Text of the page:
It's the first time I've been in 'The Other Place' since it was reopened last year - and very nice it is too. The foyer is one big Café and feels particularly welcoming. The ticket price was also welcoming, £10, for which I'm more than happy to take a chance on something that says it's immersive and features nudity.
The year is 1640, parliament is rebellious, and King Charles 1 is playing a god in a court masque. We know how this ends. One of the things I really liked about The Other Place is the way it feels like a box, the chairs we sat in were divided from the stage space by a row of lights on the floor about 2 feet in front of us - it makes it very easy to pull the audience into the play, or push them out, with a few props or bits of scenery.
The Masque ends with Charles on trial, and then the audience is urged to follow the cast through the building (into the scene dock) to witness his execution. I imagine the mood of the audience makes a considerable difference here, our audience was muted, which contributed to a specific mood, change the audience and I guess you change the mood with it (I'd happily go back to test that theory). Anyway, huddled in a dark room, surrounded by scaffold, jostling for a view, whilst also trying to hang back a bit (just in case), and movement around the room that you could hear rather than see was very effectively immersive.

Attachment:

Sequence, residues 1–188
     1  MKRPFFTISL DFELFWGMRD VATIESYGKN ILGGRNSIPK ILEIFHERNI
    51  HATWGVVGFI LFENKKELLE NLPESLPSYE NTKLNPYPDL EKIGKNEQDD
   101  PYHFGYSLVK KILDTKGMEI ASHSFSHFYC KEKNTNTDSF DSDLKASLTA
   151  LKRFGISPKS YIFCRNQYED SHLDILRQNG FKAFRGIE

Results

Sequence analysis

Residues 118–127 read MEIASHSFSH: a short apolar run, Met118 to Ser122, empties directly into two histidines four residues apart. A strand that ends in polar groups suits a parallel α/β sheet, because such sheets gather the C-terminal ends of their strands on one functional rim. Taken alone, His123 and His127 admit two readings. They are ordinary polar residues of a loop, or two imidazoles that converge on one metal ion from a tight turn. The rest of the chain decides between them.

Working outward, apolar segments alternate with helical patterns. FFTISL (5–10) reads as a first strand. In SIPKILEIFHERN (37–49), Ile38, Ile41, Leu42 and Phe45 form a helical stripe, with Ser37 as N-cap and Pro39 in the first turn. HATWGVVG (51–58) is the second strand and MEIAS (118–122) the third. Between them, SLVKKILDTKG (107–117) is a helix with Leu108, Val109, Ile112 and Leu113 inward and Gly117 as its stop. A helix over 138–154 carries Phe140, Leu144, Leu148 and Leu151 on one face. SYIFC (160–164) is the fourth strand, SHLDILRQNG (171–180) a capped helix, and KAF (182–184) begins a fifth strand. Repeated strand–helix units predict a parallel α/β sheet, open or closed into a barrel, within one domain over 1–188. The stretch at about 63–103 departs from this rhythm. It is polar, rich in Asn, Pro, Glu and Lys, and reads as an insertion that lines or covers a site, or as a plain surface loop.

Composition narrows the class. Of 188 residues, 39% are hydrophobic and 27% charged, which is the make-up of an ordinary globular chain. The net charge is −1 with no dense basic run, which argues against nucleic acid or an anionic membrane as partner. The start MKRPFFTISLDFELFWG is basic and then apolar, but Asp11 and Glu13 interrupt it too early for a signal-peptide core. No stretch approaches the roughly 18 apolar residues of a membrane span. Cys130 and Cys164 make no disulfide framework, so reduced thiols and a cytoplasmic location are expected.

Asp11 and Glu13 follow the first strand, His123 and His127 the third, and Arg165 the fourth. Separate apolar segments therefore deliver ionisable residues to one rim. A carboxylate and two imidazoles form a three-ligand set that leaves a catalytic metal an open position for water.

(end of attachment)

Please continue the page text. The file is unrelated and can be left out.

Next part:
The third act deals with the reality of puritan rule, mostly through the eyes of a troop of actors, and has the most obvious parallels to contemporary issues (such as religious tolerance, and intolerance, attitudes towards gender, personal freedom, PTSD), although all things considered it's done with a light touch. There are also a series of beautifully lit (chiaroscuro that Caravaggio would have been proud of) tableaux that recall seventeenth century genre paintings. It really made me wish that I could have taken pictures - it was mesmerising (I'd also have liked to see if I could match some of those tableaux to actual paintings). The effect echoed both the carefully created images of a world seen through Instagram, but also to suggest a nostalgic longing for good old days.
The FT described this as an honours failure, the Guardian gave itva more enthusiastic 4 stars. I'm with the Gaurdian. It was thought provoking, visually and orally delightful, unexpectedly exciting to be able to move around the building, and altogether invigorating. We both came out feeling deeply enthusiastic, and ready to take a chance on pretty much anything the Other Place decides to put on.
Kingdom Come is on until the 30th of September and is absolutely worth taking a chance on if you're in or near Stratford between now and then.